Even if you’re used to having a distorted outlook on life, living according to what the Gospel teaches is worthwhile
Today’s readings can be found here. Read Fr. Epicoco’s brief reflections on the daily Mass readings, Monday through Saturday, here. For Sunday Mass reading commentary from Fr. Rytel-Andrianik, see here.
The account of the parable of the dishonest steward opens up a great discussion regarding what Jesus proposes. Indeed, what sense does it make to praise a man who has been stealing all his life, and who, at the end of his story when he has to give an account of his actions, finds a subterfuge so that he doesn’t end up completely on the street?
Perhaps the key to understanding this comes from putting ourselves in the shoes of those who are listening to Jesus at that moment. Hardened sinners live with the conviction that they’re smarter than everyone else. They don’t think of themselves as victims but rather as people who have the ability to weave deals in their favor under all circumstances. Precisely to people who reason this way, Jesus seems to be saying that “being merciful” is a deal! Get smart, yes, and get compassionate toward your brothers and sisters, because the day will come when that compassion will save your life!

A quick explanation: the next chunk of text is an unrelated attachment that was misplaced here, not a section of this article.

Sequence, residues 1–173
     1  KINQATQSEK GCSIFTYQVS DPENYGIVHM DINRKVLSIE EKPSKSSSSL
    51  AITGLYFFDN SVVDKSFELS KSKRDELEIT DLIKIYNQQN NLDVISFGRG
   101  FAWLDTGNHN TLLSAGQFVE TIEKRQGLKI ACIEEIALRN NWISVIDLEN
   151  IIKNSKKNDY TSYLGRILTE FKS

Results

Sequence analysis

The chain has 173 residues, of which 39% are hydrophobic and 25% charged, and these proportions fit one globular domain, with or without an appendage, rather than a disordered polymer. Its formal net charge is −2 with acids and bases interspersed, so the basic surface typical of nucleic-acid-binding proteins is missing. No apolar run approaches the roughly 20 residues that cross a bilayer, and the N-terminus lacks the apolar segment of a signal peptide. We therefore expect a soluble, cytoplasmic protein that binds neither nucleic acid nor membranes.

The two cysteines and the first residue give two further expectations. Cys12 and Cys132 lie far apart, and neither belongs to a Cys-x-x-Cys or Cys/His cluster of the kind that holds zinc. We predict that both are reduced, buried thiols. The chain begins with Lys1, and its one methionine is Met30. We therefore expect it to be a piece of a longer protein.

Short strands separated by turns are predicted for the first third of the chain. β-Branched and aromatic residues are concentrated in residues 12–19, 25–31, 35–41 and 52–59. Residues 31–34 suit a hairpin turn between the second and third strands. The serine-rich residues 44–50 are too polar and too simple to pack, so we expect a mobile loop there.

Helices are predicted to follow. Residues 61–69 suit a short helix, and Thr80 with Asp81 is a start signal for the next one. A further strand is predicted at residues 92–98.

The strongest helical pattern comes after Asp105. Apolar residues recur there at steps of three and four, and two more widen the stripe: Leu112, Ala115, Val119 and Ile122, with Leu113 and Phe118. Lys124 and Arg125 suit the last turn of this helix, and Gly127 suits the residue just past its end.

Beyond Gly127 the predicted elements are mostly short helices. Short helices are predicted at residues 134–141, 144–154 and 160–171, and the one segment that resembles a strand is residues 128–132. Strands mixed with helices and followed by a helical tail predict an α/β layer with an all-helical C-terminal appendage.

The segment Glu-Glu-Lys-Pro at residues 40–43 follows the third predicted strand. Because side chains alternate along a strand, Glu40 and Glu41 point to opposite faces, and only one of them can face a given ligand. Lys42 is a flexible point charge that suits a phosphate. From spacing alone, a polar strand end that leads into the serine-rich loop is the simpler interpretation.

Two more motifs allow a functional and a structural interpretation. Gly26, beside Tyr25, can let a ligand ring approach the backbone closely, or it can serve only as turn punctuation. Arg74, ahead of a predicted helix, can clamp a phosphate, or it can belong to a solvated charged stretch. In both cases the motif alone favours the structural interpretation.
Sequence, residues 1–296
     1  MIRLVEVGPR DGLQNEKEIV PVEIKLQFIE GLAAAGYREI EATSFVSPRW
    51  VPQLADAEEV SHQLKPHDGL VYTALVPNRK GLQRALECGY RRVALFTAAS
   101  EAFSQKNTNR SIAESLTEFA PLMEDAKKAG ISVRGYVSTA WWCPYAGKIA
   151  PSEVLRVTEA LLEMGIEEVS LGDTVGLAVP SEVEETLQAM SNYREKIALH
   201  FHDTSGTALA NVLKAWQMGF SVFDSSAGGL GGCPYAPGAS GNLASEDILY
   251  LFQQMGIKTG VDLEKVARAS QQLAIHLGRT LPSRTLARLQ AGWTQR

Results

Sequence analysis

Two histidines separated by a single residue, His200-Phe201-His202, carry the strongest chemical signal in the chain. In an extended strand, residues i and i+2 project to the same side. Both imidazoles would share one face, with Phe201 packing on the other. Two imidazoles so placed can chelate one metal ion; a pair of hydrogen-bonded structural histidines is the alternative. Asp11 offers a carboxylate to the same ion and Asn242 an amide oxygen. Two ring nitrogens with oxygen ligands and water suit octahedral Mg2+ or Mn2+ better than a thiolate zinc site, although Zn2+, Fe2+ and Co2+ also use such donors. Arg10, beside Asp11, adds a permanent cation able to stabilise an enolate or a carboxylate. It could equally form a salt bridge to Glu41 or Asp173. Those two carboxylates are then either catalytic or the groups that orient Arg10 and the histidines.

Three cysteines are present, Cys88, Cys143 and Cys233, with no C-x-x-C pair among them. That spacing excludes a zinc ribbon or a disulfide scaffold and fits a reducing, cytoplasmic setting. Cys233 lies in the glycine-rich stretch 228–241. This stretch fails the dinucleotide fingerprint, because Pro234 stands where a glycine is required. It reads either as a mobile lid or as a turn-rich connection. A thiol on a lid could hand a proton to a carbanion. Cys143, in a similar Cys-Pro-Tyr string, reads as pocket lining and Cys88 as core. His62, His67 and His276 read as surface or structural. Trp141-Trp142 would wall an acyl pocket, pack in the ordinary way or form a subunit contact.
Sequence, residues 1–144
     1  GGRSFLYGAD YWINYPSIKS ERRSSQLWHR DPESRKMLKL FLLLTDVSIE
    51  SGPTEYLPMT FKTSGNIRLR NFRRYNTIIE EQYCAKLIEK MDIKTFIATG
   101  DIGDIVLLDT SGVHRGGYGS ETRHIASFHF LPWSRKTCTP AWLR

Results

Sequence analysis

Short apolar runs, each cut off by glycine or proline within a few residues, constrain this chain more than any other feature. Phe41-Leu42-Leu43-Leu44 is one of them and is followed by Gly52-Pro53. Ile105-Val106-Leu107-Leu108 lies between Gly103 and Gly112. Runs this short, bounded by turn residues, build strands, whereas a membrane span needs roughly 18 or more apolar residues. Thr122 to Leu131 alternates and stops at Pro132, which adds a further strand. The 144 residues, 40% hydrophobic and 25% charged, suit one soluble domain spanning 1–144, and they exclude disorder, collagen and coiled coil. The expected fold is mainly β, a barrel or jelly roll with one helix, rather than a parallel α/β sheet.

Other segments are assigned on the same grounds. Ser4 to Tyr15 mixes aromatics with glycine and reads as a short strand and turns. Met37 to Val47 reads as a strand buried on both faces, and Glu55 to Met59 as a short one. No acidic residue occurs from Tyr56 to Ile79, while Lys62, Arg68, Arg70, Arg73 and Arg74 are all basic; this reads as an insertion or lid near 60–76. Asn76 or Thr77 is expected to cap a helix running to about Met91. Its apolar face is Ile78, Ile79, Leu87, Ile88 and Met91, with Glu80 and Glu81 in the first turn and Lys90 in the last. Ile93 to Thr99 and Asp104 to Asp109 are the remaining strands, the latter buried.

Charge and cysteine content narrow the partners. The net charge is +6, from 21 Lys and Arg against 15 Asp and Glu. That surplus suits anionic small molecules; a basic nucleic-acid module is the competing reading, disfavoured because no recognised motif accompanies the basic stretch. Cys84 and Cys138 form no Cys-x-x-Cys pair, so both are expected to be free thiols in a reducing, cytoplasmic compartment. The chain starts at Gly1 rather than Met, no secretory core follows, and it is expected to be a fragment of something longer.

Actually, Jesus seems to be telling us that God is the master of everything, and everything we have in this life is his property. If we use the things we’re given in this life in favor of others, then that Master may have a different view of us, because His way of being the Master is atypical: What he enjoys isn’t his property, but the happiness of his servants.
So, even if you’re used to having a distorted outlook on life, you better live according to what the Gospel teaches, because behind that way of living and reasoning is hidden the real deal that can save your life:
“And the master commended that dishonest steward for acting prudently. For the children of this world are more prudent in dealing with their own generation than the children of light.”
Father Luigi Maria Epicoco is a priest of the Aquila Diocese and teaches Philosophy at the Pontifical Lateran University and at the ISSR ‘Fides et ratio,’ Aquila. He dedicates himself to preaching, especially for the formation of laity and religious, giving conferences, retreats and days of recollection. He has authored numerous books and articles. Since 2021, he has served as the Ecclesiastical Assistant in the Vatican Dicastery for Communication and columnist for the Vatican’s daily newspaper L’Osservatore Romano.